Doctors do make a difference when it comes to keeping children and teenagers from taking up tobacco. This may sound like a no-brainer, but until recently there wasn't strong evidence that anti-smoking efforts by pediatricians and other primary care doctors make a difference.
The good news: Cigarette sales are down by about a third over the past decade. Not so for little cigars and cigarillos. Their sales more than doubled over the same time period, in large part owing to the growing popularity of these little cigars among teenagers and 20-somethings.
The appeal among young people has lots to do with the large variety of candylike flavors in the little cigars, according to Jennifer Cantrell, director of research and evaluation at the anti-tobacco Legacy Foundation.
Doctors want people to quit smoking before surgery because it reduces the risk of complications, but often don't do much to make that happen.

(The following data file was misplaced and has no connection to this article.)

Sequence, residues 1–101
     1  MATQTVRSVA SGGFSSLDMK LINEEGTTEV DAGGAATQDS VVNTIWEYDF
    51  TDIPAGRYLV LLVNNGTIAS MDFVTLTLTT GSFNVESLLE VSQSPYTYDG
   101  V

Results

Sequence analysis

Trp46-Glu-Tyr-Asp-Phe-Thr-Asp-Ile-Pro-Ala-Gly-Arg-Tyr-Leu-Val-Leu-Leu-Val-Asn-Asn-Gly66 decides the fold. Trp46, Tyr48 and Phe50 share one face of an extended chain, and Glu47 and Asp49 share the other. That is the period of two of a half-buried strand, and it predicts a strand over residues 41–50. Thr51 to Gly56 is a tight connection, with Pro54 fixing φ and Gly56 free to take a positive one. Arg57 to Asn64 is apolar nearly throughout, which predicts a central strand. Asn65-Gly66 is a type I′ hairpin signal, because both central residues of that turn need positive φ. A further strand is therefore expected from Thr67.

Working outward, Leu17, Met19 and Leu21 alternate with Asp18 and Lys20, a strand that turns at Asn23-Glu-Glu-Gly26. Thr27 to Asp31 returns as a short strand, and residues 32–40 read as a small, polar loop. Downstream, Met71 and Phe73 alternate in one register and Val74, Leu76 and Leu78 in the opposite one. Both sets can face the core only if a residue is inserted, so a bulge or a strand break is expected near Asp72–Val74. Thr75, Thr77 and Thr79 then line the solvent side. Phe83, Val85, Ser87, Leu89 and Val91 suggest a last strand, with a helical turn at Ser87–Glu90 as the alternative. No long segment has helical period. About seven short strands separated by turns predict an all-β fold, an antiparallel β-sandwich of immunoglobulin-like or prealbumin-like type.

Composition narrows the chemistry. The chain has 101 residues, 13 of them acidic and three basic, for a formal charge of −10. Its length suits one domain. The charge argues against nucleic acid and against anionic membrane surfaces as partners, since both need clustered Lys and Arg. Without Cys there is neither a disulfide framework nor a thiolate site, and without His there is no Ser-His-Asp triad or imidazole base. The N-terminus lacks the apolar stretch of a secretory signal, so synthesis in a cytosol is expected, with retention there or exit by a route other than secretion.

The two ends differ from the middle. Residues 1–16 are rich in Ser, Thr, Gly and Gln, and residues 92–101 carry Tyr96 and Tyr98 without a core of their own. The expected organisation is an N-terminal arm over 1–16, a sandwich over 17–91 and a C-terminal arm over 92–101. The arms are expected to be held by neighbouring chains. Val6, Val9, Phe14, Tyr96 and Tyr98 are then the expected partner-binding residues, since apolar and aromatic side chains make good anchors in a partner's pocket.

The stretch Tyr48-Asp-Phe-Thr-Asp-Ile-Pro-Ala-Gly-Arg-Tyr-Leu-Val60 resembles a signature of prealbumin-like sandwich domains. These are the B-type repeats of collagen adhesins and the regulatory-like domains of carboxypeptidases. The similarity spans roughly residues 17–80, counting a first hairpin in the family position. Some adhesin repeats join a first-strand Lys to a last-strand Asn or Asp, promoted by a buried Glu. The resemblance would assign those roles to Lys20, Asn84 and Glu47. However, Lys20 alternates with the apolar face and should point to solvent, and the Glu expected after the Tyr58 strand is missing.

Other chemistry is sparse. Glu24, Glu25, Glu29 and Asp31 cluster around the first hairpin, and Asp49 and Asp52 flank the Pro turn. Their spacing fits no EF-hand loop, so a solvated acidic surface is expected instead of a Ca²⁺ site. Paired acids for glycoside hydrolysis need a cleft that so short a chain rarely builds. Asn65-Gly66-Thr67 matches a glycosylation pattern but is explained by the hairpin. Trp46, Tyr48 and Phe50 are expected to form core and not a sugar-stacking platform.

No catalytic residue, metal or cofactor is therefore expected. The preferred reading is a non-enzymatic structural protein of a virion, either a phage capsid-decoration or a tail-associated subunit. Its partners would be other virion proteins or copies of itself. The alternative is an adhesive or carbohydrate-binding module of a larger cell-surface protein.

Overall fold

But, it turns out, just a wee bit of help makes it much more likely that people will quit before going under the knife, a study finds.
Patients who got less than five minutes of counseling from a nurse and free nicotine patches at least three weeks before surgery were much more likely to quit, according to researchers at the University of Western Ontario. Those patients also got a brochure and a referral to a quit-smoking hotline.
Originally published on Tue August 6, 2013 2:20 pm
Public health advocates have lobbied hard in recent years to clear restaurants, bars and other workplaces of tobacco smoke, and the winds seem to be at their back.
Already, 36 states and the District of Columbia have enacted some version of an indoor smoking ban to protect the health of workers and patrons, and many local communities in other states have followed suit.